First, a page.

He agreed and told White that the Guardian Angels can help APCP with after-school activities that would involve teenagers. He explained the programs are free and volunteer-based. Sliwa said he will make an appointment to meet with the board to make a presentation of those activities and also reach out to local police departments.Sliwa's presence was requested by nearly 20 residents living in private communities worried that street gangs from New York and New Jersey are moving into the Poconos, after the Associated Press reported that Pine Ridge and APCP harbored gang activity in an Aug. 7 story in the Pocono Record. Police in the story said an unknown number of gang members had moved into the Poconos.Guardian Angels have battled gangs, drugs, guns and violence for 27 years nationwide by training community volunteers to patrol neighborhoods and surrounding area that are encountering high crime rates or may be at risk of rising crime.The nonprofit organization covers community safety, professional development for educators, school-based anti-bullying coursework, anti-gang programs in the public school systems and Internet safety. It receives its funding from donations and fundraisers for the group's travels and communication, Sliwa said.The organization trains community volunteers for three months in self-defense, conditioning, certification in CPR and first aid, teaches them the law, Guardian Angels patrol techniques and radio communication.For the program to be implemented, eight to 12 residents must join, Sliwa said.After the 45-minute press conference, board members took Sliwa for a tour of the private community, introducing him to residents, whom he asked for their thoughts on gangs in the community.Resident Dana Payan, a 15-year-old student at Notre Dame High of East Stroudsburg, said "there's no real gang activity here. I've lived here all my life and I haven't had any problems."Sliwa asked Payan if local schools banned certain colors to be worn to school. Payan said they did.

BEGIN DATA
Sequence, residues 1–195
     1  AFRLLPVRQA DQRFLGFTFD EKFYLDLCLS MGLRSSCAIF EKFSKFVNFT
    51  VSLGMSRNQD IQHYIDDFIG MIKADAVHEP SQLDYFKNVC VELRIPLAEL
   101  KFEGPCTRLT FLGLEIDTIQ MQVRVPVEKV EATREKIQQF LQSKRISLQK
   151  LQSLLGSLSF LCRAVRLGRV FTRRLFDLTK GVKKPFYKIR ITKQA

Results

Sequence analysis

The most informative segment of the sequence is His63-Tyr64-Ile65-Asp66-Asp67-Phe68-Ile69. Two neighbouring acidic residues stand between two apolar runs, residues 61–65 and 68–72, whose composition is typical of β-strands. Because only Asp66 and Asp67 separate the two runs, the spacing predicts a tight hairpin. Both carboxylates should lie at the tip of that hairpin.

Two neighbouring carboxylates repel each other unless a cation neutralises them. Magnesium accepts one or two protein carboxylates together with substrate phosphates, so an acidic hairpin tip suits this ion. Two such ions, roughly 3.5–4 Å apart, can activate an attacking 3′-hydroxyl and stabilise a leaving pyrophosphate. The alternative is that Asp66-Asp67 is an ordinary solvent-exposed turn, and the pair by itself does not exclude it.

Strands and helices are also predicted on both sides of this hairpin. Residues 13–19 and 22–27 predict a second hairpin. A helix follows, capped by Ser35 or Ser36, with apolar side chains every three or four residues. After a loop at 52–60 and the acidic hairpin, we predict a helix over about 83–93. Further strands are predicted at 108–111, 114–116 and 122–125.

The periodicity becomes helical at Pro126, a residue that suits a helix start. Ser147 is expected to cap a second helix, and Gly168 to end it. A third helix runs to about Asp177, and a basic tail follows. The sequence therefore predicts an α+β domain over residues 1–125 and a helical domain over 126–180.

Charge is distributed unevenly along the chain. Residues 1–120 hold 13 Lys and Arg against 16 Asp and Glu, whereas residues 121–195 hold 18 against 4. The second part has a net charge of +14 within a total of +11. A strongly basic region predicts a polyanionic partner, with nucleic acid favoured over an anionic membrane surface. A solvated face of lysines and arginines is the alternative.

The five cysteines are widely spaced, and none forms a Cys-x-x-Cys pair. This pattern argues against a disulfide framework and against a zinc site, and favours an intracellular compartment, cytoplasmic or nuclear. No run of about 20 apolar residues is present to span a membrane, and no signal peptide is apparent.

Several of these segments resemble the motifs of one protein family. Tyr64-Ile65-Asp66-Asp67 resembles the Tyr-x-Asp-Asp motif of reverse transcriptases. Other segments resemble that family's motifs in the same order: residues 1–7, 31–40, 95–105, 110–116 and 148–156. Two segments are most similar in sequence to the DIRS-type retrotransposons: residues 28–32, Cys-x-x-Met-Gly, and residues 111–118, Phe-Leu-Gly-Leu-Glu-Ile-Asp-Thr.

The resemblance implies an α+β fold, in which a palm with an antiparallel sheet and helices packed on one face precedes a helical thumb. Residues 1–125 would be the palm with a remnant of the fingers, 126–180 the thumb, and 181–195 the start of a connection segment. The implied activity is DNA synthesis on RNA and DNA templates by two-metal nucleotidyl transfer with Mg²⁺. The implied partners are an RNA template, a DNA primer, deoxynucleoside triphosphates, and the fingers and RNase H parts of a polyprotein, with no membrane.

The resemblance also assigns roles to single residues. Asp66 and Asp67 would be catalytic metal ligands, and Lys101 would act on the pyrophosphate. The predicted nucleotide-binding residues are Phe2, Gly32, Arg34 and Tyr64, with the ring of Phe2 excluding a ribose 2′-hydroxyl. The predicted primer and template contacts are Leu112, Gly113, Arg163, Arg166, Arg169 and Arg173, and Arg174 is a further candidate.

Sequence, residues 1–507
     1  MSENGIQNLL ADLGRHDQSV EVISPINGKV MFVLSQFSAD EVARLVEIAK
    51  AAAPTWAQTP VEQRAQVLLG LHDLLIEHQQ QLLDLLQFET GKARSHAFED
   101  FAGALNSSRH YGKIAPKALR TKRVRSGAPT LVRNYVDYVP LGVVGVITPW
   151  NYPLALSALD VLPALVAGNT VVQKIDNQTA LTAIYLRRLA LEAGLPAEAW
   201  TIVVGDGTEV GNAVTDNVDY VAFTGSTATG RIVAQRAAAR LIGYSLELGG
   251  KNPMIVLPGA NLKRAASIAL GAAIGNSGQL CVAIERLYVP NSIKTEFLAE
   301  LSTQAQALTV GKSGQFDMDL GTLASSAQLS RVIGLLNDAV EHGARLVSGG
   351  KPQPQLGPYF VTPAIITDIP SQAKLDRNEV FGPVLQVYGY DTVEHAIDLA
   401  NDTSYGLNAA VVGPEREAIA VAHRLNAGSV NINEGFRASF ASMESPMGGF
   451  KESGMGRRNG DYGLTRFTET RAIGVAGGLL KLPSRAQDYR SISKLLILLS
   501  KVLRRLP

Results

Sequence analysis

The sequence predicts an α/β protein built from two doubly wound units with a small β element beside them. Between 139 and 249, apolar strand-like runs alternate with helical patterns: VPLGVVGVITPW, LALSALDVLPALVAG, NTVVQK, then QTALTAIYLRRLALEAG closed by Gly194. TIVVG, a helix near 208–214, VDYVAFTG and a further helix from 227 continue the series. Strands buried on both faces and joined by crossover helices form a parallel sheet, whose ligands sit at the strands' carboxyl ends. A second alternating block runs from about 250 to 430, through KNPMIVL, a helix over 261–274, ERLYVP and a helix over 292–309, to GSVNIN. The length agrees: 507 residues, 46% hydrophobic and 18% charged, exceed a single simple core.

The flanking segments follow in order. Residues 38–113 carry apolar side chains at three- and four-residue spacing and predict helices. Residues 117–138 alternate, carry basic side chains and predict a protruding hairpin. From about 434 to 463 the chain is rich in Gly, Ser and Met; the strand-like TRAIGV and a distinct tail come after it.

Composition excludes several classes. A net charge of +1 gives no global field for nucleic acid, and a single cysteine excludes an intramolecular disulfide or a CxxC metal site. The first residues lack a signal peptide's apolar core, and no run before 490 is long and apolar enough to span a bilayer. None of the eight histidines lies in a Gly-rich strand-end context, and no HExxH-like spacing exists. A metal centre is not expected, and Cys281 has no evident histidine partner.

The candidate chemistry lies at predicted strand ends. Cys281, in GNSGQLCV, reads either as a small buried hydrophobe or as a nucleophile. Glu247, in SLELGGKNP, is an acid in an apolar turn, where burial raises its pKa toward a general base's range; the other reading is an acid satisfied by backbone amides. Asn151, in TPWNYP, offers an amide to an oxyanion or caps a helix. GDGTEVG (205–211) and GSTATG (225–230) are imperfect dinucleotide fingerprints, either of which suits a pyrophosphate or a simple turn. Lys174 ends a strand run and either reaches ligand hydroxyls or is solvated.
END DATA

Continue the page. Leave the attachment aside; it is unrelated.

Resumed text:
"You wouldn't do that if gangs weren't here," Sliwa replied."There may be gangs but not to the point to have to do this," Payan responded pointing at Sliwa.If communities in the Poconos decide to utilize the Guardian Angels program, the training will be led by Jim Ezzo, chapter leader in Sussex Borough in New Jersey, which was initiated in February 2005."Even if there's no gang action, it doesn't mean not being proactive and vigilant," Ezzo said. "We are trained observers. We are the eyes and ears of the police."Those like Margaret Matthews, who believe the private community is faced with heavy gang activity, welcomed the group's visitation."It's all over," she said, although she hasn't witnessed gang violence. "Gangs are everywhere. Residents have to be aware of how they look, what to look for. There's fear here."When identifying gang members she looks for blue or red on their clothing, she said, and if they aren't wearing those identifiable colors then she won't know whether they are gang members.Matthews, who has been a resident at APCP since 1986 and served in public safety for five years, said the worst she saw during her term was destruction of houses by teens. Angel Surillo, a 26-year-old inactive Latin King member, moved to APCP two months ago from New York to try to change his life in the Poconos as a paint artist and hopefully open his own art shop, he said. He was among the residents on Sunday waiting to hear the founder of the Guardian Angels and willing to provide input to improve life in the community as a start to changing his life style."I haven't seen gang violence," he said, "but the presence is here. I think some young people are trying to belong to something and appear to be gang members. They need something to do."Guardian Angels will visit Wal-Mart in East Stroudsburg Sunday at noon followed by a stop at Pine Ridge in Lehman Township.